I’m scouting Skyline Ridge for a future column, and because you really can’t go wrong hiking there. It has ponds, easy trails, varied terrain, and a fair amount of wildflowers. Russian Ridge is far less sexy for the hiker purist — few single single tracks, hardly any shade — but it does get an impressive bloom in the spring. It seems to have twice as many species of flowers as Skyline, which is right next door. We’re not getting the carpet-of-color effect we like to see, but if you like to putter around and take pictures of blooming things, it’s worth a look (just bring your sunscreen).
I also bumped into Mike and Kathy of the FOMFOK hiking club at Russian Ridge and strolled along with them for a couple miles. When I got back to the car I had an excellent conversation with an 86-year-old Swedish hiker who was resting in the shade of her car’s trunk: it was a bit hot out there. Her hiking club has been together 35 years. I got the feeling she’d been over every mile of the Santa Cruz Mountains about six times. If you ever needed more proof that hiking not only adds life to your years, it adds years to your life…
Let’s check out some pictures:
One of the first shots of the morning, on a south-facing slope in direct sun … I thought this was blue-eyed grass, but it didn’t look especially blue under these conditions. I’m told now it’s a variety of filaree.
Miner’s lettuce has delicate white blooms that are hard to capture without a tripod because the lettuce grows in the shade.
Alpine Lake, gorgeous as usual. The nature center here opens at noon on Saturdays and Sundays … lots of cool stuff for kids to look at in there, including skins of dead critters.
On to Russian Ridge, where most of the flowers were:
Checkerblooms bloom in big pink clumps over here.
Yours Truly at the top of Borel Hill.
A yellow violet — these are hard to photograph because they’re kinda shy and don’t face upward toward the sun all the time.
OK, maybe there was more single track than I remember. It’s a decent year for poppies, but they’re not dominating the hillsides around here. Also, forgot to mention: a controlled burn was conducted here last year and all these hillsides looked like toast at the time. A fire is just a haircut for grass; it grows back stronger the next season.
Miniature lupines, near as I can tell. These are very small blooms that require shooting in macro mode and hoping the breezes let up.
Traffic jam. The FOMFOK folks are heading this way past these polite mountain bikers.
Saw these blooms hanging down from a bush in the tunnel between Russian Ridge and Skyline Ridge. No idea what they are, but they are pretty (Update: Jane at Bay Area Hiker says they are currants). I saw a hummingbird but it flitted off in a second, long before it occurred to me to try taking its picture.
So, those are the highlights. Extra thanks to Mike for guiding us to a deck on at the end of a spur trail near the far end of the Ridge Trail, where we broke for lunch (look for Mount Melville on the map if you go; it’s at the far northern edge of the park). Always nice to meet friends on the trail.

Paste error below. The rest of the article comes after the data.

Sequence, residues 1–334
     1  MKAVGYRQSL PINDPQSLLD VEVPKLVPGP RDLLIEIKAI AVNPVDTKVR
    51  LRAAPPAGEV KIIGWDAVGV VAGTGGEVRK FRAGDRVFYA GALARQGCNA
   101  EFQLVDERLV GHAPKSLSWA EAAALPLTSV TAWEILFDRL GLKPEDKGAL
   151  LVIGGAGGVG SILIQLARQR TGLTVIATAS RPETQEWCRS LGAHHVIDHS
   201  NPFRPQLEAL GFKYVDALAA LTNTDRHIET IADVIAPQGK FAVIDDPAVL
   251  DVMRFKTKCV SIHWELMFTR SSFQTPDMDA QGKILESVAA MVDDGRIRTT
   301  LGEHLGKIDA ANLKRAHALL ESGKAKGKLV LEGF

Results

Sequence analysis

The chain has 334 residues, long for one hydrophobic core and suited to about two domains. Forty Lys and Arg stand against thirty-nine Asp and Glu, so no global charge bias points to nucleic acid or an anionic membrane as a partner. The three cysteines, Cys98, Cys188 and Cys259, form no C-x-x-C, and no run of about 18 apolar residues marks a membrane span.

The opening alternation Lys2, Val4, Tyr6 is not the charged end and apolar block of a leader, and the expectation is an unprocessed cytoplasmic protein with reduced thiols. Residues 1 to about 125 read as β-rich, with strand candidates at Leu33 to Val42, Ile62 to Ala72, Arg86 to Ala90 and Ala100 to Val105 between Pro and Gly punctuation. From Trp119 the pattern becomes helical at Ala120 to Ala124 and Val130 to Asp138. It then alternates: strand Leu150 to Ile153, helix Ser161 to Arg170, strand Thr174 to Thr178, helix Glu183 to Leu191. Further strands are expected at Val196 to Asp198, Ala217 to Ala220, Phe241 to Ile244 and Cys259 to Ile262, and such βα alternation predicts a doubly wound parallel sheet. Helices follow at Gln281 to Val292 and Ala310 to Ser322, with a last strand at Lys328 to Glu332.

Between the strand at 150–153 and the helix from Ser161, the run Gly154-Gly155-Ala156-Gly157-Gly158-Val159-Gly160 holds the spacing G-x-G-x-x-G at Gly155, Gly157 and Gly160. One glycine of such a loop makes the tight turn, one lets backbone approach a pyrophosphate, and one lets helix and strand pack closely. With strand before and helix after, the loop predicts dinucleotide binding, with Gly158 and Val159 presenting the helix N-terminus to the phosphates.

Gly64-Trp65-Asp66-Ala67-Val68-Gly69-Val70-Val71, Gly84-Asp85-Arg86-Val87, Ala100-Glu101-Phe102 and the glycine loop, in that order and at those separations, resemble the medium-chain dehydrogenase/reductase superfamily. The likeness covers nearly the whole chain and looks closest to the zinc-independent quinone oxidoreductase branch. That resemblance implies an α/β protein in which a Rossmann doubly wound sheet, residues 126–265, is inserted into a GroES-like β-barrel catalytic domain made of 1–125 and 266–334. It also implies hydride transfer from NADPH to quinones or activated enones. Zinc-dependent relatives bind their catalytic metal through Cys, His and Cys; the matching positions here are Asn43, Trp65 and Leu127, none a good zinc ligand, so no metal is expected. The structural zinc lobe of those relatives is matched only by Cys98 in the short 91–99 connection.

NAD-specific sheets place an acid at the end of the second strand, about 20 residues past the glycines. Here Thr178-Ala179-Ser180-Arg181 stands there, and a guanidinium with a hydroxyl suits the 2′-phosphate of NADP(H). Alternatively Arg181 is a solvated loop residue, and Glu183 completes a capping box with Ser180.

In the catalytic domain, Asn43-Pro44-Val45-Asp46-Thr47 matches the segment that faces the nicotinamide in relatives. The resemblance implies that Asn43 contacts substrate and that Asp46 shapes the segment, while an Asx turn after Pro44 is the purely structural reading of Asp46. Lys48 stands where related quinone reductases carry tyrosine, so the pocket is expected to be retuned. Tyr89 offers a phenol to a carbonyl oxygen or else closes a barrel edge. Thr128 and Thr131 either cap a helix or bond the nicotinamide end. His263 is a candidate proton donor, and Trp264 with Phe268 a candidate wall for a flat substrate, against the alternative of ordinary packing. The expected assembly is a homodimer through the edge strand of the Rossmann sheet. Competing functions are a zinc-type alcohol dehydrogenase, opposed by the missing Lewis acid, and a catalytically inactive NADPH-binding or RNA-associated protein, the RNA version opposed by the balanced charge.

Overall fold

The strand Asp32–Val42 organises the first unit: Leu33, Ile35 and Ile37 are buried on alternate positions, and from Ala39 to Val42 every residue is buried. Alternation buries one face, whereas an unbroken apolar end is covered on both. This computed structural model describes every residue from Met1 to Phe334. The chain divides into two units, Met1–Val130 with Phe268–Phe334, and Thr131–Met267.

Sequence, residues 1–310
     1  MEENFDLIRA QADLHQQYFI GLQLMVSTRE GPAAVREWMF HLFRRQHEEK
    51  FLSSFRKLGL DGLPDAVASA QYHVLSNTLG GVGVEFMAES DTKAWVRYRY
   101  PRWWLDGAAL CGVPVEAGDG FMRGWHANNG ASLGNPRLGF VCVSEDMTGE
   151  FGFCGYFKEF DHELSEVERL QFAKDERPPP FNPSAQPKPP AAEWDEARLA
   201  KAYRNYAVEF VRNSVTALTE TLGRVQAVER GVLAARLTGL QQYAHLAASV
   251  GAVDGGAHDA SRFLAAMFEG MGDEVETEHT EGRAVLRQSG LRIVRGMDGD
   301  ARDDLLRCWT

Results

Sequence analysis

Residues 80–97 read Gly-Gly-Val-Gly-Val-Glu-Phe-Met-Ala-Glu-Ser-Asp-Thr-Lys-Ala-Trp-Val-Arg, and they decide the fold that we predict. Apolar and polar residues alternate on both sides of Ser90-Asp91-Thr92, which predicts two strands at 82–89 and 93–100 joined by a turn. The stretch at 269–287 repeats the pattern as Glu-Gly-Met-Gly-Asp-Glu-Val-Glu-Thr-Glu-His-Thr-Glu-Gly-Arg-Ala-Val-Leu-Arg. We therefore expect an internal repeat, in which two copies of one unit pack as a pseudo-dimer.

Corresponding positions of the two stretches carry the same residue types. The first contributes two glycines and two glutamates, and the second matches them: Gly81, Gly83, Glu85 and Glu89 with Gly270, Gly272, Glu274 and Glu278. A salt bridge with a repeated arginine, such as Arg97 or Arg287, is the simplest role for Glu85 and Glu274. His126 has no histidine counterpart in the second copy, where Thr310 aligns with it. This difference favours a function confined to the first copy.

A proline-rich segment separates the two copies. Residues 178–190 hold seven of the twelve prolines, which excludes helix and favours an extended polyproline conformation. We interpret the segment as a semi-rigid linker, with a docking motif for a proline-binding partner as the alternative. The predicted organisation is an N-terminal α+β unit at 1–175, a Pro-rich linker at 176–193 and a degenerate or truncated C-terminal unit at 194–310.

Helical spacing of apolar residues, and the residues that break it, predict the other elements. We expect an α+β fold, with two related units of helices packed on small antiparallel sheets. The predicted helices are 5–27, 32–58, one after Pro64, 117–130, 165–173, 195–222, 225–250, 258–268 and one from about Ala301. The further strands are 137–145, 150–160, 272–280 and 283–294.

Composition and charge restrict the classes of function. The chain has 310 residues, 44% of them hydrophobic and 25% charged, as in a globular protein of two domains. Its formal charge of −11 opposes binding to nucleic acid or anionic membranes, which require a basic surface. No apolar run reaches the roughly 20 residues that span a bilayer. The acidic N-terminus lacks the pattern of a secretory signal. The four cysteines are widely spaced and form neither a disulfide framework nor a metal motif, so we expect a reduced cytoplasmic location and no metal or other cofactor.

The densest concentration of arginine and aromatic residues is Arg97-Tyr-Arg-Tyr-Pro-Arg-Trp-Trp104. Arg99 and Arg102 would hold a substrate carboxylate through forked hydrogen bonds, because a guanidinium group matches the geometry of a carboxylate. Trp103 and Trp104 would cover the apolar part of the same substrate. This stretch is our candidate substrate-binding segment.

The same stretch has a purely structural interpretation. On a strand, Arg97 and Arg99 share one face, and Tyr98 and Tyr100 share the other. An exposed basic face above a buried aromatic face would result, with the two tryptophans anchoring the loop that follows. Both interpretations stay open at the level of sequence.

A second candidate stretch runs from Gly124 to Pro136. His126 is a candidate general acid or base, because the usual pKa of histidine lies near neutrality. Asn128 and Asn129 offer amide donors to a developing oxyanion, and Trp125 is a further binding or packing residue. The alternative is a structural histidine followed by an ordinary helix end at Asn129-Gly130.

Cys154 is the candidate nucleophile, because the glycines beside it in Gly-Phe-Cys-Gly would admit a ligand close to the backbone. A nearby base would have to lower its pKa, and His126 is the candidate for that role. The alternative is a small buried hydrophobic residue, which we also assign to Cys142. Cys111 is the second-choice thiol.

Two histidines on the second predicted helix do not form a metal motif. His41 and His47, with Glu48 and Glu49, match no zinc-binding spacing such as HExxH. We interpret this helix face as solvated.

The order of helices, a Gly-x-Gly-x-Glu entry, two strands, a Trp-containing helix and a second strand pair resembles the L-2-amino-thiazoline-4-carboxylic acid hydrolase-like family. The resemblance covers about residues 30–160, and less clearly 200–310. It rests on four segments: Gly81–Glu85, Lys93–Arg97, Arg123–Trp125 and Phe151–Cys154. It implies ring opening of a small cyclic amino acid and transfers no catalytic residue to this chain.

Skyline Ridge links:
Russian Ridge links:
Tom, do you munch on nature’s bounty – the miner’s lettuce? It’s getting bitter late in the season, but early on, it’s more delicious than spinach! I stopped to “ruminate” quite often along trails where patches grow contagiously! (Nice flower shots, too – I need to get me one of them fancy cameras!)
I don’t munch on the lettuce, but I did munch on a bit of cattail with a guy who was explaining to his girlfriend that it was a staple of the diet of the indigenous peoples. Tastes kinda like a radish.
I think I know the Swedish woman – she hikes w/ COT. I sometimes hike w/ them. Membership is $5/yr & many are of retired age. I’m the youngest one in their club of course. They hike on Sundays. They were doing 4 parks in that area last Sun.
The last photo is currant
Nice photos, as usual!
Jane, thanks much.
Really nice pix, Tom. I look forward to seeing what’s in store, wildflower-wise, just down the road at Long Ridge next Sunday.
That first photo, however, depicts filaree, and here’s blue-eyed grass.
Russ, that flower doesn’t look anything like the filarees you linked to.
I figured it must be a washed-out blue-eyed because it has the same radial decorations on the leaves and the section in the center is almost identical to a blue-eyed.
Second look: it probably is a filaree, but a different variety… I saw pictures of a “short-fruited filaree” that had similar petals and the “stork bill” center common to other filarees.
A great day out there Tom!
Hey, I’m not on your links anymore. 🙁
DSD: That condition has been amended. You’re in the “A List Hikers” for the rest of the world.
I enjoy being part of your community.
By the way, for all your efforts on TwoHeel, would you enjoy a Summit Stone?
If so, you have my email above, send off your office address and I will create one for you…
See you on the trail…